The challenges faced by students who start in Computer Science are many: from subjects that are related to mathematics to keeping the motivation with all the works to deliver. However, one of the main challenges is understanding the concept of logic and coding, which is the basis for much of the course of academic life.
There are several possibilities that may be the reason for that, as emphasized by Raabe and Silva (2005): whether by the predominance of logical-mathematical thinking in the discipline, the difficulty of sharing knowledge by the teacher or even the learning pace of each student. Logical reasoning starts in the early stages of student education, more precisely in elementary school. The need to acquire this knowledge in their basic form since the elementary school is valid, since learning coding is not an easy task, and if understood from early ages, it will certainly benefit future students in the area.
With increased interest and easy access to technology, it’s possible to encourage children in elementary school to learn through digital educational games. The game implies for the child much more than a simple act of playing. Through the game, they are communicating with the world and also expressing themselves. For adults, the game constitutes a “mirror”, a source of data for better understanding how children development occurs, as Friedmann already said in 1996.
With games, students can feel more motivated in the development of tasks and consequently develop reasoning, especially when games add a set of multimedia elements that hold more attention than a paper or blackboard. Learning with games also helps to build social skills such as mutual respect, cooperation, obedience to rules, sense of responsibility, sense of justice, personal and group initiative.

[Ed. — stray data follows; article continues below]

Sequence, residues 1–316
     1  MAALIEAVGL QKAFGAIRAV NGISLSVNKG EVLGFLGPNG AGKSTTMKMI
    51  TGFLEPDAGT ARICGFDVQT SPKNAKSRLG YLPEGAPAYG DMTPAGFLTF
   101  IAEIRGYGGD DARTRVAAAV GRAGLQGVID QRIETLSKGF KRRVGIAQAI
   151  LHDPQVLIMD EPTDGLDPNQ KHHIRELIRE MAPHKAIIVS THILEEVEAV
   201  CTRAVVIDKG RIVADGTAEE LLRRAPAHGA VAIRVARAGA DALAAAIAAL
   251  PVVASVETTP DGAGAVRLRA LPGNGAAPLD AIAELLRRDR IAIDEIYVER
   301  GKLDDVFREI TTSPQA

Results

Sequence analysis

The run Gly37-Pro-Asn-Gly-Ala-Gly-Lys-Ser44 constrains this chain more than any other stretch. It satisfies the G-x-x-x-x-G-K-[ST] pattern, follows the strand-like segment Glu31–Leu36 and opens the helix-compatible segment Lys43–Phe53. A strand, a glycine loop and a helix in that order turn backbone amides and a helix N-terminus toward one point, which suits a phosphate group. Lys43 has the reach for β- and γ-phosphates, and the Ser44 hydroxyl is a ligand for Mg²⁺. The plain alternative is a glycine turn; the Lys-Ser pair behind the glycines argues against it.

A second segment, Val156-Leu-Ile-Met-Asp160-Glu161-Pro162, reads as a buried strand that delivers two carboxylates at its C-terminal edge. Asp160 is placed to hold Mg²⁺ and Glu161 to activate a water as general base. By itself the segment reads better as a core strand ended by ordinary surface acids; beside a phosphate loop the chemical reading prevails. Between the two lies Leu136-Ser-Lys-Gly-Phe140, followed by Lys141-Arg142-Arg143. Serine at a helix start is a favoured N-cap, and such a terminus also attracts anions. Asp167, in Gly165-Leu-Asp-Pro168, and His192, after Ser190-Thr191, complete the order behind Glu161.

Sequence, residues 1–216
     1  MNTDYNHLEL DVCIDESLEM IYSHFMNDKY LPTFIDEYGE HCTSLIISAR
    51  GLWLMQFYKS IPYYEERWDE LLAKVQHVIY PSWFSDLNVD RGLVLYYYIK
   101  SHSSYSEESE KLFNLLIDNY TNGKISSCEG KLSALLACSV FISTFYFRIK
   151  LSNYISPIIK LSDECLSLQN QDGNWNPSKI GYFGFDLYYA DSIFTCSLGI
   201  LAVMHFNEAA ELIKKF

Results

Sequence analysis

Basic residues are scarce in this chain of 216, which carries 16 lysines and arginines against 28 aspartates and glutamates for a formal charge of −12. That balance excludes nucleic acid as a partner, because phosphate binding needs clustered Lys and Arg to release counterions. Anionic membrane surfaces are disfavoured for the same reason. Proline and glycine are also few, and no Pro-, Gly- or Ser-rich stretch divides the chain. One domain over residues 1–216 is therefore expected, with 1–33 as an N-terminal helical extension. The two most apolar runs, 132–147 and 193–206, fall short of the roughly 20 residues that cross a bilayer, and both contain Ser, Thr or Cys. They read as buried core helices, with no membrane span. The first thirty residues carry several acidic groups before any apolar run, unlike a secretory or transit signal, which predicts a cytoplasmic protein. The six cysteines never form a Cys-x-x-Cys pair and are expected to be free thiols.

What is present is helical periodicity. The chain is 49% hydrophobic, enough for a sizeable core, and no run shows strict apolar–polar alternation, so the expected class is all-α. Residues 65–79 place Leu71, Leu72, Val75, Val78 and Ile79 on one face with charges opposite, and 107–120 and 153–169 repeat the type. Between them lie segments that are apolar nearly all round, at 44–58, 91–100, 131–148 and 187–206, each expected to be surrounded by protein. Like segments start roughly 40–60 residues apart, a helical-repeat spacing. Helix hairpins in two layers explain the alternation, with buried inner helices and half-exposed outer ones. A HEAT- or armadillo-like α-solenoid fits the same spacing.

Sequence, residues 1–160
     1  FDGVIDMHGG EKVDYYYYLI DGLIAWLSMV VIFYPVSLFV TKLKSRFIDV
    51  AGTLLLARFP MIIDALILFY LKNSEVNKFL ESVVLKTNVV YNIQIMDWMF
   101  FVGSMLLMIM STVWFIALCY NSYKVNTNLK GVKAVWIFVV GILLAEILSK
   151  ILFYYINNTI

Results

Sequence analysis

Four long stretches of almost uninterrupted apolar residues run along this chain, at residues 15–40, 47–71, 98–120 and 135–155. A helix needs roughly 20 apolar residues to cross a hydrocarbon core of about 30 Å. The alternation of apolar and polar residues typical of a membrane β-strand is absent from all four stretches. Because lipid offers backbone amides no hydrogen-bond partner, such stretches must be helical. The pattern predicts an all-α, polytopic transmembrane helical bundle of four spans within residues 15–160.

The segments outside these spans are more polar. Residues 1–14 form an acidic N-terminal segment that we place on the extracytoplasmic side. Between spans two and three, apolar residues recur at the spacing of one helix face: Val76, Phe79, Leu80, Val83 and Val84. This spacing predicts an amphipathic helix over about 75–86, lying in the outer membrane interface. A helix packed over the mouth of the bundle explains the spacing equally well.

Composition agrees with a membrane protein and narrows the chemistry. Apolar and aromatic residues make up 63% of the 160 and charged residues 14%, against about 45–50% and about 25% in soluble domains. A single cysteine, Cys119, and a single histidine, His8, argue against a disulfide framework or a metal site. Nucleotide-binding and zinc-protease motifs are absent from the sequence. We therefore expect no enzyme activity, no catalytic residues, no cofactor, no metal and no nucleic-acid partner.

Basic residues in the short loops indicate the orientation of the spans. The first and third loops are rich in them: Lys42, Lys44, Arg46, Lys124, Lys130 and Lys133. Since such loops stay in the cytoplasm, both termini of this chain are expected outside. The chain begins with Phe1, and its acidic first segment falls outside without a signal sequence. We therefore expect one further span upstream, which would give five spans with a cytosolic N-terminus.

It’s important that the game has a balance between what’s necessary to be taught and the essential mechanics of a game, allowing the student to absorb as much useful information as possible. If the balance isn’t respected, the game ends up being just a fun tool with no educational purposes or even a boring and tedious game.
The format of a digital educational game clearly follows the idea of turning fun into learning and teaching. According to Savi and Ulbricht (2008), students are able to develop cognitive abilities more efficiently, to plan strategies to solve certain challenges and to immerse themselves in the game. This way they also explore and learn new possibilities, relating the acquired knowledge with their day-to-day activities.
There are several games that teach the basics of coding, stimulating logical reasoning and the way of thinking, from the construction of algorithms to the association of them. Here are some mobile games, which work very well these aspects:
Savi and Ulbricht (2008) argue that digital games can also be used in a number of other sectors, such as conducting specific training in companies or colleges, improving local management or any specific skill.
With technology at our side, we have succeeded in bringing this reality of digital educational games to life. This whole process of creation and development is no longer something from another world, especially when we use gaming engines such as Unreal, Unity, CryEngine and Godot. They provide the developer with a wide variety of development and design libraries, many of which are completely free. In addition, there is a large community on the internet that helps by creating tutorials and also giving support for questions and problems.
Like Steve Jobs said “Technology is nothing. What’s important is that you have a faith in people, that they’re basically good and smart, and if you give them tools, they’ll do wonderful things with them”.